Culture Secretary Oliver Dowden has revealed that his officials are working on Operation Sleeping Beauty, a plan to bring performances back in time for Christmas.
“In recent weeks, we’ve all been thinking and talking about the Proms. I for one can’t wait to be back in the Royal Albert Hall next year, singing Land Of Hope And Glory at full voice,” said Dowden. “I have very fond childhood memories of watching at home every year with my grandma, and hope to be one of the first through the doors next year.
“To get audiences back into our venues in much larger numbers though, we’re going to have to innovate and be bold to save the things we love.
While the focus of the plan is on the return of live theatre for family audiences in time for Christmas, Dowden has made clear that he is aiming to bring back music performances too.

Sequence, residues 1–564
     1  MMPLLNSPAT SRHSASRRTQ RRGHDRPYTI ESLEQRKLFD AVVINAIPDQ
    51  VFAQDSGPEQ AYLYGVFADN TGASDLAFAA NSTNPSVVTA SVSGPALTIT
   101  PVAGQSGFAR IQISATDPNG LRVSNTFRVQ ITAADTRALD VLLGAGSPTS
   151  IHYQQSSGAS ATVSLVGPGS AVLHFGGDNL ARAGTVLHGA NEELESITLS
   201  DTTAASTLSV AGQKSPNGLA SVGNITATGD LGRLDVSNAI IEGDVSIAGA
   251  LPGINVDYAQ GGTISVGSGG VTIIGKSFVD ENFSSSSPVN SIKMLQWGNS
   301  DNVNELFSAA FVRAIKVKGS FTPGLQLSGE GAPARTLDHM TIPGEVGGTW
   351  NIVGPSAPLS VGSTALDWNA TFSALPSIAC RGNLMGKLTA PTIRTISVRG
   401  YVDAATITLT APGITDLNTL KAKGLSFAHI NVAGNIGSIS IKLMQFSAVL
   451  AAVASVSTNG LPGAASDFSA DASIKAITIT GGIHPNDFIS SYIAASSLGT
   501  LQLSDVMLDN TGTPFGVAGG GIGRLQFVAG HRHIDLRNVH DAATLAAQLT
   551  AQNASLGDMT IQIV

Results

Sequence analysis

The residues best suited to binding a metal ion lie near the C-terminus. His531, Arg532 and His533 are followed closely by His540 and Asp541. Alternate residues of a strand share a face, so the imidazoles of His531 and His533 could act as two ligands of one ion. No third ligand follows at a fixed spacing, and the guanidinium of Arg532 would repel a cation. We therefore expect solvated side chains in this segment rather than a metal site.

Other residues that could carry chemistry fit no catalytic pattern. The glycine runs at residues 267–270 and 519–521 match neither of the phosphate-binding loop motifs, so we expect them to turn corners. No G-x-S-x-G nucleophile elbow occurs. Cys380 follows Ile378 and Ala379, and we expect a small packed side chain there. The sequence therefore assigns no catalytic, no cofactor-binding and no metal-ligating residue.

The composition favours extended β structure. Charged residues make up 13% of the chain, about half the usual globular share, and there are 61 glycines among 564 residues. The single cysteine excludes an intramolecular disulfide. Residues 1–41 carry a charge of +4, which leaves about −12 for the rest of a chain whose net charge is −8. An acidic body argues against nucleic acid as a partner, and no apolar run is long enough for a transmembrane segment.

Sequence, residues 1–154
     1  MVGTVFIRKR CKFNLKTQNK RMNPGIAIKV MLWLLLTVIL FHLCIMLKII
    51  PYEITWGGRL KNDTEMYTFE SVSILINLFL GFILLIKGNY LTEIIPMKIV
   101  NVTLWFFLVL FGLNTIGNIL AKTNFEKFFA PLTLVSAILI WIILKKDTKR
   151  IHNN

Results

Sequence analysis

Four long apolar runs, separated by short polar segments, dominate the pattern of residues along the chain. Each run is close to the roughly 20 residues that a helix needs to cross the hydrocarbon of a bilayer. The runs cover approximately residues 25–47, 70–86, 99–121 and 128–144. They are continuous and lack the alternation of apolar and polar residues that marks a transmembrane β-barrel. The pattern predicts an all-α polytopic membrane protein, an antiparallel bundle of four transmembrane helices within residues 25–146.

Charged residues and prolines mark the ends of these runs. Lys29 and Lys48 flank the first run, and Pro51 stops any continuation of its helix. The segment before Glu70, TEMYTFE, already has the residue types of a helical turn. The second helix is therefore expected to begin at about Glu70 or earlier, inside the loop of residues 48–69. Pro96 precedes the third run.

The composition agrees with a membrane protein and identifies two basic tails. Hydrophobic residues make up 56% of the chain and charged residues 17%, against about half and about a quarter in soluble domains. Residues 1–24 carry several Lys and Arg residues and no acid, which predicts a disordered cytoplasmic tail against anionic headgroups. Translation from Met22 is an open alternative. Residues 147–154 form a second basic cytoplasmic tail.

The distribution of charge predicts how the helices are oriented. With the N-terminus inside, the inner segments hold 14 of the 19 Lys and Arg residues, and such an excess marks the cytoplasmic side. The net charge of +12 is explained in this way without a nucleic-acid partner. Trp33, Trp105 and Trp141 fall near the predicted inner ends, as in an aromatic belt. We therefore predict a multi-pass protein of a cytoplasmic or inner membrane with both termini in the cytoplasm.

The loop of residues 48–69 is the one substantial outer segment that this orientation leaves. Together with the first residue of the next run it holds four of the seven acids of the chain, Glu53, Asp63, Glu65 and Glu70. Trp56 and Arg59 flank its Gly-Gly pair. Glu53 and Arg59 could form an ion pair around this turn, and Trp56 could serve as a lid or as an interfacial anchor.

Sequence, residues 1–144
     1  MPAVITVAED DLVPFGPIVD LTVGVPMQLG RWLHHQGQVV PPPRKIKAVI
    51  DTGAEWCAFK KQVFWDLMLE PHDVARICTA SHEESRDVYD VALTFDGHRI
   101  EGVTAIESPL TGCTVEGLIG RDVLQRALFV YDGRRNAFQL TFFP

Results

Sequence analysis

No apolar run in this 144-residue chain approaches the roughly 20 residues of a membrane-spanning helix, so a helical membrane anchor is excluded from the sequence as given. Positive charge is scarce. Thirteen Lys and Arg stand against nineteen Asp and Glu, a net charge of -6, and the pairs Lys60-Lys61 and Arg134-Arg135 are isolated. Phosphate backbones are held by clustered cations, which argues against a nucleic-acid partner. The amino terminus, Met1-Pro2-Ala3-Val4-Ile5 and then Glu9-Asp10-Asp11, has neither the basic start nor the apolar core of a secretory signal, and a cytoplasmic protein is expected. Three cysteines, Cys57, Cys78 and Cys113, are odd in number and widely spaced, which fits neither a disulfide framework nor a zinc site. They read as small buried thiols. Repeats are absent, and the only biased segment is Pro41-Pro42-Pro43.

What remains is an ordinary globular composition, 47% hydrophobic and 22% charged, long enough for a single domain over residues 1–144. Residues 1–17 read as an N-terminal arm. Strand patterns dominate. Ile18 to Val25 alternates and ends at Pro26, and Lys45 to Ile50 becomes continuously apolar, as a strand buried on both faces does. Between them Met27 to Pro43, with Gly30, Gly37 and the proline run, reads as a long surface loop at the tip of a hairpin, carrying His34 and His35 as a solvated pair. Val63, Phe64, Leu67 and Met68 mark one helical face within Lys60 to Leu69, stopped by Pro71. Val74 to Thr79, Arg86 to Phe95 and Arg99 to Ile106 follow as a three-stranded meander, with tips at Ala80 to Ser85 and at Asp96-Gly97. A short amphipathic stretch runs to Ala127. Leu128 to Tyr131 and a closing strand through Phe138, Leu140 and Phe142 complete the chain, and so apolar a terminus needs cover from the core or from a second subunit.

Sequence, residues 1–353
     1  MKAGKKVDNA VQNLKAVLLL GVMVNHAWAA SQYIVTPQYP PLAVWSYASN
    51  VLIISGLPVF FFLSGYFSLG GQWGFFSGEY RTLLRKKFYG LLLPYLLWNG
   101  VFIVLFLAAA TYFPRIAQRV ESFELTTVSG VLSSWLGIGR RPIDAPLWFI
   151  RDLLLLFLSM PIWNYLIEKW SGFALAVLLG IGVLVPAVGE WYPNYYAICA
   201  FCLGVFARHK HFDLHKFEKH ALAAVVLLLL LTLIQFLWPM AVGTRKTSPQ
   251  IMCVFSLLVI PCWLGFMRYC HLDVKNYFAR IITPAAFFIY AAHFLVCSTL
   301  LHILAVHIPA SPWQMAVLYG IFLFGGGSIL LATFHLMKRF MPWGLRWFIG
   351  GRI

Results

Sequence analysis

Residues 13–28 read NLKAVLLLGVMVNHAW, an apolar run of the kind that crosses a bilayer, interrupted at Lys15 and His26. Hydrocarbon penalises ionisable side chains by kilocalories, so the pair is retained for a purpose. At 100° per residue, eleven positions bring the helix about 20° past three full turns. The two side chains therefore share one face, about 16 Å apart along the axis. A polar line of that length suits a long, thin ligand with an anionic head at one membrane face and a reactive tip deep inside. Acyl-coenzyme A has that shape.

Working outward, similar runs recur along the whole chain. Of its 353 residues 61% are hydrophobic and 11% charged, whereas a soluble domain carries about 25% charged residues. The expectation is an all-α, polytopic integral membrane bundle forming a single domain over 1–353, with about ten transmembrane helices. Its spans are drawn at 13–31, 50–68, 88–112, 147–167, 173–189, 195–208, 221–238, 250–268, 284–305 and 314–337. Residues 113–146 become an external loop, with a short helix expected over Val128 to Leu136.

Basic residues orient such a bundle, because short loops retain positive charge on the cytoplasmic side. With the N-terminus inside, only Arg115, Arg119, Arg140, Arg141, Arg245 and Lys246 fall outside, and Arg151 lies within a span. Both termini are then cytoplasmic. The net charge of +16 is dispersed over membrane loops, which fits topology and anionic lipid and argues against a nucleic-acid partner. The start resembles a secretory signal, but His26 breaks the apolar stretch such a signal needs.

“Mass indoor events are now in my sights,” wrote Dowden in the Mail On Sunday. “Socially-distanced audiences have been allowed since mid-August, and it’s great to see organisations like the Bournemouth Symphony Orchestra, and musicals like Sleepless – A Musical Romance, back up and running again.
“But we need to start filling seats in much larger numbers – not just for the audiences, not just for the venues and livelihoods who depend on them, but for the entire urban economy, too. Theatre is a lynchpin of London’s West End and its absence is painfully reflected in its deserted streets.”
The DCMS Culture Recovery Fund has so far helped 135 grassroots venues to stay open.
A study commissioned by the government found that singing does not produce substantially more respiratory particles than speaking at a similar volume.
Dowden suggested venues could use technology to improve ventilation in venues, as used in the pilots at the London Palladium and other theatres.
Other countries have already experiments with busier venues. Germany is holding scientific studies and has hosted three events with 1,500 participants.
“We cannot guarantee plain sailing, and as with any part of reopening after lockdown, we cannot guarantee zero risk,” added Dowden.